East African Court of Justice Arusha, 24thJanuary 2018: As the First Instance Division extra ordinary sessions set off, it dismissed the Application filed by the five (5) non-profit, civil society organizations for interim orders against the Attorney General of the Republic of Burundi and the Secretary General of the East African Community, pursuant to Article 39 of the EAC Treaty (regarding the interim orders) and Rule 73 of this Court’s Rules of procedure.
The Applicants’ case is that they were banned by the Minister of Home Affairs and their bank accounts frozen by the Prosecutor General, pursuant to Ministerial Ordinance No.530/1922, where upon they filed a Reference challenging the legality of the Ordinance for violating provisions of the Burundi Presidential Decree NO1/11 of 1992, as well as the principle of good governance.
The Application was seeking stay of the operation of the Ordinance, a cancellation thereof by the Minister of Home Affairs Burundi and the quashing of the Prosecutor General’s decision to freeze the Applicants’ bank accounts.
In its ruling the Court said that the Conditions to grant of an interlocutory injunction are; first, an Applicant must show a prima facie case with a probability of success, secondly, if the Applicant might suffer irreparable injury, which would not adequately be compensated by an award of damages. Thirdly, if the court is in doubt, it will decide an application on the balance of convenience.
The Court on the issue of irreparable damages, the court said that it did not find in the supporting affidavit that establishes the specific injury the Applicants stood to suffer, and if let alone whether or not such injury could or could not be compensated by an award of damages.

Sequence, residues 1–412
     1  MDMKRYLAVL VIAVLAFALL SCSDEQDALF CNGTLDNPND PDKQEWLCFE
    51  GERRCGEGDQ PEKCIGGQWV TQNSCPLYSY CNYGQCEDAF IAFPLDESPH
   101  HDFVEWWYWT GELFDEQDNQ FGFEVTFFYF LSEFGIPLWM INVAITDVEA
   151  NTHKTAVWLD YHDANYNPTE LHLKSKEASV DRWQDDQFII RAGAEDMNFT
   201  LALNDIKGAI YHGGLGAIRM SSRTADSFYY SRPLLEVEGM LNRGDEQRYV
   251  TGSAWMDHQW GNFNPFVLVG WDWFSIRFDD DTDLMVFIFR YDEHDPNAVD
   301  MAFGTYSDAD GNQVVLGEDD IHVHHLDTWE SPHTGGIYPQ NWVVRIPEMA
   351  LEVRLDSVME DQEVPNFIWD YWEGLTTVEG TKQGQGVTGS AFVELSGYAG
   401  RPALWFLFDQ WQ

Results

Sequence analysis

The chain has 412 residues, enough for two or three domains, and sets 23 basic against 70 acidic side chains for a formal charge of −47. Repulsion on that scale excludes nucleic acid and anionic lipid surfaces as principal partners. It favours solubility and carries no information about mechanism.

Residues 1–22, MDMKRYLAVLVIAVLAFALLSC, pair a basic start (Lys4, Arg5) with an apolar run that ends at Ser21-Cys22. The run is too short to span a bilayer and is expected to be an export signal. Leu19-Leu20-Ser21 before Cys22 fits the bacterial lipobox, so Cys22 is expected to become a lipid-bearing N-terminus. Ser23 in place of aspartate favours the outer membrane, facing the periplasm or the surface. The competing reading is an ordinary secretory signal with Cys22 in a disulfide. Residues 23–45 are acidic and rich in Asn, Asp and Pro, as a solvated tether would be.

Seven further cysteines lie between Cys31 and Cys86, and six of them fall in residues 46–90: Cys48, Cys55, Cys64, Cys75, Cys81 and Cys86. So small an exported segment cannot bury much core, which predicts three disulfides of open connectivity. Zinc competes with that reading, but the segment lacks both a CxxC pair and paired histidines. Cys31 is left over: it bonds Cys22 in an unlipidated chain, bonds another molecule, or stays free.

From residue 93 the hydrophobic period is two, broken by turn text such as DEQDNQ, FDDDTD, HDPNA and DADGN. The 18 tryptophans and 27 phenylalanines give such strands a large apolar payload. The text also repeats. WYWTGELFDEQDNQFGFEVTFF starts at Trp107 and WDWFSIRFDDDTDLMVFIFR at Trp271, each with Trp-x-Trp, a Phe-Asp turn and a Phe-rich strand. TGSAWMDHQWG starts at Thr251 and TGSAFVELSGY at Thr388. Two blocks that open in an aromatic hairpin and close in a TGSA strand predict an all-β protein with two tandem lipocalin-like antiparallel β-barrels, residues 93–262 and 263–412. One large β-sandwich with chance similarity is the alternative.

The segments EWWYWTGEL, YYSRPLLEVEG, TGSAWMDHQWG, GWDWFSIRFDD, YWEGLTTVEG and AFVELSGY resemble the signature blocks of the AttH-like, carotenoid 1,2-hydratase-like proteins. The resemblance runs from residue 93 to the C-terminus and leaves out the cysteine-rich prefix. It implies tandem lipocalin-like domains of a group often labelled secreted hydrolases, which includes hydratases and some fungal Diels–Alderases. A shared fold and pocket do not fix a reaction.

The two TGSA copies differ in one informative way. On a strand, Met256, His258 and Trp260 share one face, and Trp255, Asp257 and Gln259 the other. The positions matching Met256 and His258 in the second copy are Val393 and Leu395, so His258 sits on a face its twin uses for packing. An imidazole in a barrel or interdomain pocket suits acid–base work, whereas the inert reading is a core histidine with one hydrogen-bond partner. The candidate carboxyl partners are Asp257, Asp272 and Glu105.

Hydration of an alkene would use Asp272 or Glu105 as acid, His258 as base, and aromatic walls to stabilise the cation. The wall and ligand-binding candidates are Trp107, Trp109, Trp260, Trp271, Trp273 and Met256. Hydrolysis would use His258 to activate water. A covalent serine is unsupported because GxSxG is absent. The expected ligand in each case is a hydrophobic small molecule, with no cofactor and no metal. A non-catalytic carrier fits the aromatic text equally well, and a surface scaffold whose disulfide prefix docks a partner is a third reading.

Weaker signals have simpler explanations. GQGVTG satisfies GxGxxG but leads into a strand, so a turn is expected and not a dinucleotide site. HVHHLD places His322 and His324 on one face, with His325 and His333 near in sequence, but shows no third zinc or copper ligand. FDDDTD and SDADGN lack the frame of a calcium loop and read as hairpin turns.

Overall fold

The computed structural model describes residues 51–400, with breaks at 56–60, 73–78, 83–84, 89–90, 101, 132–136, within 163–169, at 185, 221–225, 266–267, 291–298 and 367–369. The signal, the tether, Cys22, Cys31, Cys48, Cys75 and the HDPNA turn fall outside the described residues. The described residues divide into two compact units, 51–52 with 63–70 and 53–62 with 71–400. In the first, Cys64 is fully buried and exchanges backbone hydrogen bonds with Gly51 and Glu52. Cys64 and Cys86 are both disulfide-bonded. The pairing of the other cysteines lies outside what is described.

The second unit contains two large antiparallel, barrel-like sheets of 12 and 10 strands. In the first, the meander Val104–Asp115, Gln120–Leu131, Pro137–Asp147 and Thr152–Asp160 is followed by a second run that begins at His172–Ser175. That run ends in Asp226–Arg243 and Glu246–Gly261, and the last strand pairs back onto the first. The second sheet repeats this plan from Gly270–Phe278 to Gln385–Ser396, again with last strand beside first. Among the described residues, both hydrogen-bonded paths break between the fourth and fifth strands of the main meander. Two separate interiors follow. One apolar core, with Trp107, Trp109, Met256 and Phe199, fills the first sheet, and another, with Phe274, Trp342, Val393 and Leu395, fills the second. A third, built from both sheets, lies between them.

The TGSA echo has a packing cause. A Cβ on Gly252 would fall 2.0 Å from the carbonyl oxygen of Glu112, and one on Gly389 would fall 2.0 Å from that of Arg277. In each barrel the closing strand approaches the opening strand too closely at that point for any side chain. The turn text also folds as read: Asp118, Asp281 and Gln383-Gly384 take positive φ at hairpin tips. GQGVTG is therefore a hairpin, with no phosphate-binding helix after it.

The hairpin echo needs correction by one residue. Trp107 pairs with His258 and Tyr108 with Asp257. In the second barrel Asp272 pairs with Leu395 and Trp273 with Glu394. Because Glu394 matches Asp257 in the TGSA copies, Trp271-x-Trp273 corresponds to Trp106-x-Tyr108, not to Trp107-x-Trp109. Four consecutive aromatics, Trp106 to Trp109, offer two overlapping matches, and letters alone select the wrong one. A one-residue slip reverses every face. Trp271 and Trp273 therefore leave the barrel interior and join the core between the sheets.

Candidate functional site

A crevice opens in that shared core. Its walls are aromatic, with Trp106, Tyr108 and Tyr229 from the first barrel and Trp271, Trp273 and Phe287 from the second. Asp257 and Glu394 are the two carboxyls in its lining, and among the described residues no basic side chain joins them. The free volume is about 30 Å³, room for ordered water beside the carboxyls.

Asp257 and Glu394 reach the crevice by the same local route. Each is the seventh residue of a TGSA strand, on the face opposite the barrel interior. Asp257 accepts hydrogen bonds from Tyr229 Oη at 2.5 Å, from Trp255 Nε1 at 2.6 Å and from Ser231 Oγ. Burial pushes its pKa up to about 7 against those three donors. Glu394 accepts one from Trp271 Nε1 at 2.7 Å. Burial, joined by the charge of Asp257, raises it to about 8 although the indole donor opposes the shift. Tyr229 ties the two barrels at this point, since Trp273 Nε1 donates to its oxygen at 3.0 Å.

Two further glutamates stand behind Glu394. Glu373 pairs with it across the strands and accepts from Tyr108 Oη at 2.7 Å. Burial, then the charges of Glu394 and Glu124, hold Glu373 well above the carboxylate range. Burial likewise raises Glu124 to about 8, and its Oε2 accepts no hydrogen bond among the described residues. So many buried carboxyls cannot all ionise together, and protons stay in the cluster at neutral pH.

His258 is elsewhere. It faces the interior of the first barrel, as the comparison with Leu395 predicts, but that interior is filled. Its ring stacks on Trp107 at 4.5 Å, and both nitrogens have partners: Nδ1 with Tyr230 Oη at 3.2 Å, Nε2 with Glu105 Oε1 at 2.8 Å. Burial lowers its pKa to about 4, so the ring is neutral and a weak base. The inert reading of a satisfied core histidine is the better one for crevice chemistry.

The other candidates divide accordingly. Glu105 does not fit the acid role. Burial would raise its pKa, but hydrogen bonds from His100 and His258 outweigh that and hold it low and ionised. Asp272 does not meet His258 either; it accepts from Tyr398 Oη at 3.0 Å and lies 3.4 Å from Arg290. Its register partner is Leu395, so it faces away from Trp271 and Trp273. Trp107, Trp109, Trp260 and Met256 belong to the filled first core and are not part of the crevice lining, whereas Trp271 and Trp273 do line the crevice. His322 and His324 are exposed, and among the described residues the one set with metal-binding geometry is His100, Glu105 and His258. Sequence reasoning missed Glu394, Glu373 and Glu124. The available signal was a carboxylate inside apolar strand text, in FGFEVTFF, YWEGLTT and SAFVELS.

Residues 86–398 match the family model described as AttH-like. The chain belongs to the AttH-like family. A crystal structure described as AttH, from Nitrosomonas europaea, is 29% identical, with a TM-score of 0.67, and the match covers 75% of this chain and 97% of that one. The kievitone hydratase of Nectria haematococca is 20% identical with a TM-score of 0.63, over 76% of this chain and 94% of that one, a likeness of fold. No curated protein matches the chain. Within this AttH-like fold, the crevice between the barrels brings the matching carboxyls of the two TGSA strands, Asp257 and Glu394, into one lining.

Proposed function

The court further stated that, in the absence of any averment of the inability of the Respondents to recompense the Applicant and the absence of proof of the injury, the Court was not satisfied as to inadequacy of damages as a relief to the Applicants in the event that they merge successful in the reference (main case). Furthermore the court said that it is where there is doubt as to the adequacy of the respective remedies in damages available as to either party or both, that the question of balance of convenience arises.
In the result, the Court declined to grant the orders sought and hence dismissed
However, the court held that it is clear that, the Reference does indeed raise pertinent legal question for interrogation by the Court, as to the legality to the Ministerial Ordinance vz Burundian national laws, as well as the Treaty. The Court further added that it is quite clear the Reference raises questions to the Ordinance‘s compliance with the principles of good governance and rule of law that are encapsulated in Article 6(d) and 7(2) of the Treaty. The Court therefore stated that it was satisfied that the present Application does raise a serious triable issue and directed that the main case Reference be fixed for hearing forthwith.
Present in court to receive the ruling was Mr. Donald Deya representing the Applicants. The Ruling of the Court was read by Hon. Justice Monica Mugenyi, Principal Judge of the First Instance Division in open Court.
The Applicants include;
- Forum Pour Le Reforncement De La Societe Civile
- Association Burundaise Pour La Protection Des Droits Humains Et Des Personnes Detenues
- Forum Pour La Conscience Et Le Development
- Reseau Des Citoyens Probes
Notice for editors
Article 39 ( Interim Orders)- it provides that; The Court may, in a ca se refer red to it , make any interim order s or issue any direct ions which it consider s necessary or desirable. Interim order s and
other direct ions issued by the Court shall have the same effect ad interim as decisions of the Court.
rule 73 of the Court’s rules of procedures; states that (1) Pursuant to the provisions of Article 39 of the Treaty, the Court may in any case before it upon application supported by affidavit issue interim orders or directions which it considers necessary and desirable upon such terms as it deems fit.
About the EACJ
The East African Court of Justice (EACJ or ‘the Court’), is one of the organs of the East African Community established under Article 9 of the Treaty for the Establishment of the East African Community. Established in November 2001, the Court’s major responsibility is to ensure the adherence to law in the interpretation and application of and compliance with the EAC Treaty.
Arusha is the temporary seat of the Court until the Summit determines its permanent seat. The Court’s sub-registries are located in the respective National Courts in the Partner States.